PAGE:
Case facts

The client was charged with assaulting police and resisting arrest in circumstances where the client was found highly intoxicated and had been assaulted herself by an unknown person. Police were called and approached our client who told the Police that she didn’t want their help.

The client walked away from the Police officers however they went after her and grabbed her by the arm on the basis that they believed she may need medical attention due to her injuries. The client told Police she wanted to go home and again commenced to walk away. She then returned towards the Police and angrily yelled at them. The Police believed there was going to be a physical altercation and the client was check drilled and pushed causing her to stumble backwards. The client grabbed hold of the one officer’s arms. The client was then forced to the ground. She was capsicum sprayed and then handcuffed.


Subjective circumstances

The client had been involved in a similar incident in 2005 and had been diagnosed with post-traumatic stress disorder due to that incident. The client was also a binge alcoholic and had arranged for in-house treatment. The client was also diagnosed with major depression for which she had previously received hospitalisation.

Potential Penalties: Maximum penalties for the two charges included 5 years imprisonment although as they were being dealt with in the Local Court they both carried maximum penalties of two years imprisonment and/or a maximum fine of $5,500.


Local Court proceedings

We appeared for the client and maintained pleas of not guilty to both charges. There were real issues about whether the actions of the accused amounted to self defence. A person can act in self defence even if the police are acting lawfully in the execution of their duties. The infamous police check drill is simply an assault by a police officer upon the person the subject of that procedure – which may or may not be justified as self defence by that officer. Given that police are armed with guns, were working in pairs, had access to a taser, capsicum spray, and are trained in dealing with people with mental health issues, it is sometimes surprising that they resort to the use of a check drill – particularly on a woman who they believe may need medical attention. However,  irrespective of the legality of the actions of the accused or the actions of the police, the opportunity existed for an application pursuant to section 32 Mental Health (Forensic Provisions) Act. We obtained a psychological report setting out the mental conditions the client was suffering from at the time of the offending behaviour. Before the Hearing, the application was made for the client to be dealt with in accordance with the mental health provisions and not in accordance with the law.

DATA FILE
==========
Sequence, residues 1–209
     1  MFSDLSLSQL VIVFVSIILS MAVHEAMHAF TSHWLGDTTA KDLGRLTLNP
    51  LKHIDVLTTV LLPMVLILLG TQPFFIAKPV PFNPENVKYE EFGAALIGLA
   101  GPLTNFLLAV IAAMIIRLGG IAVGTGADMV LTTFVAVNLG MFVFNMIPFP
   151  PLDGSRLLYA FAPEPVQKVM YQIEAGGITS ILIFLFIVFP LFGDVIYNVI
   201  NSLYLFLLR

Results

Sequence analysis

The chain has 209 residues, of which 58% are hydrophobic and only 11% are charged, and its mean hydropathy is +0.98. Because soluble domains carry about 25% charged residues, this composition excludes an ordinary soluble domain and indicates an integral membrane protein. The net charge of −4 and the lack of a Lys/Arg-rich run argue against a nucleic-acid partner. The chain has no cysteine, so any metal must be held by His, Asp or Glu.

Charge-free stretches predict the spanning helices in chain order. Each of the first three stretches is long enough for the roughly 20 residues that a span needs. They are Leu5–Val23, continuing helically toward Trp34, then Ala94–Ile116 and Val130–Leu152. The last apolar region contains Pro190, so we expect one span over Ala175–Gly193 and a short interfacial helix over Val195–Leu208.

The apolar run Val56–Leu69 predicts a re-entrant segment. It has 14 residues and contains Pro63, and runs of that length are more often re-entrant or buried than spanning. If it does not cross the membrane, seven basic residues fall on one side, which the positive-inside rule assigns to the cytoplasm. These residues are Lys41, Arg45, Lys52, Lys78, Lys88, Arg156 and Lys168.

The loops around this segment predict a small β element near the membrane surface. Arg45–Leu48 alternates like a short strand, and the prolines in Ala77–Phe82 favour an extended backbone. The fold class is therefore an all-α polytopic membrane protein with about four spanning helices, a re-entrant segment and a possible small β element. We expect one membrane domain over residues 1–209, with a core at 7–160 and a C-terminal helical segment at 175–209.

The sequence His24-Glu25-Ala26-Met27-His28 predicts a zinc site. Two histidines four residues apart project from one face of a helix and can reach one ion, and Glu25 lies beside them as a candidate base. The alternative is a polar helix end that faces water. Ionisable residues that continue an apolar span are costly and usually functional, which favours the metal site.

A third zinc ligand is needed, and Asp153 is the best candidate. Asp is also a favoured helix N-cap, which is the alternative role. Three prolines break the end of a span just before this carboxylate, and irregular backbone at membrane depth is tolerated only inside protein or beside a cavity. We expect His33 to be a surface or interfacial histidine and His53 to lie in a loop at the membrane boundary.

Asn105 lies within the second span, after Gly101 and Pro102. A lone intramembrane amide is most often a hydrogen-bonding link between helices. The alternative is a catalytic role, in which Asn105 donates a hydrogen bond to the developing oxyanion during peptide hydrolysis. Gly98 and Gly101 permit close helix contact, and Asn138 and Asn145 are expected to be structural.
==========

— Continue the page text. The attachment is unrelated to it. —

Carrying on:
Essentially s.32 allows defendants who are or were at the time of the offence suffering from mental illness or condition for which treatment is available in a mental health facility to be diverted from being dealt with according to law and receive treatment. A Magistrate is required to make at least three decisions. Firstly, they are to determine whether the defendant is eligible to be dealt with under s.32. Secondly, the Magistrate then must determine whether it is more appropriate to deal with the defendant in accordance with the provisions of s.32 than otherwise in accordance with law. Finally, if it is more appropriate to deal with the defendant according to s.32, a decision must be made as to what action should be taken.


Case result

We were successful in our application to have the matter dealt with under s.32 despite pleas of not guilty being maintained. This is because under the legislation a Section 32 application can be made anytime during the proceedings. The two charges of assault officer in execution of duty and resist officer in execution of duty were dismissed upon the client entering into counselling and treatment for a period of 6 months.


Why you need an expert criminal defence lawyer

Offences of assault officer in execution of duty and resist officer in execution of duty are matters that are prevalent in our society. In order to obtain a great result you will require a solicitor that has excellent knowledge of the law relating to such matters including excellent preparation and advocacy skills.



Nyman Gibson Miralis provides expert advice and representation in all areas of criminal law. Contact us if you require assistance.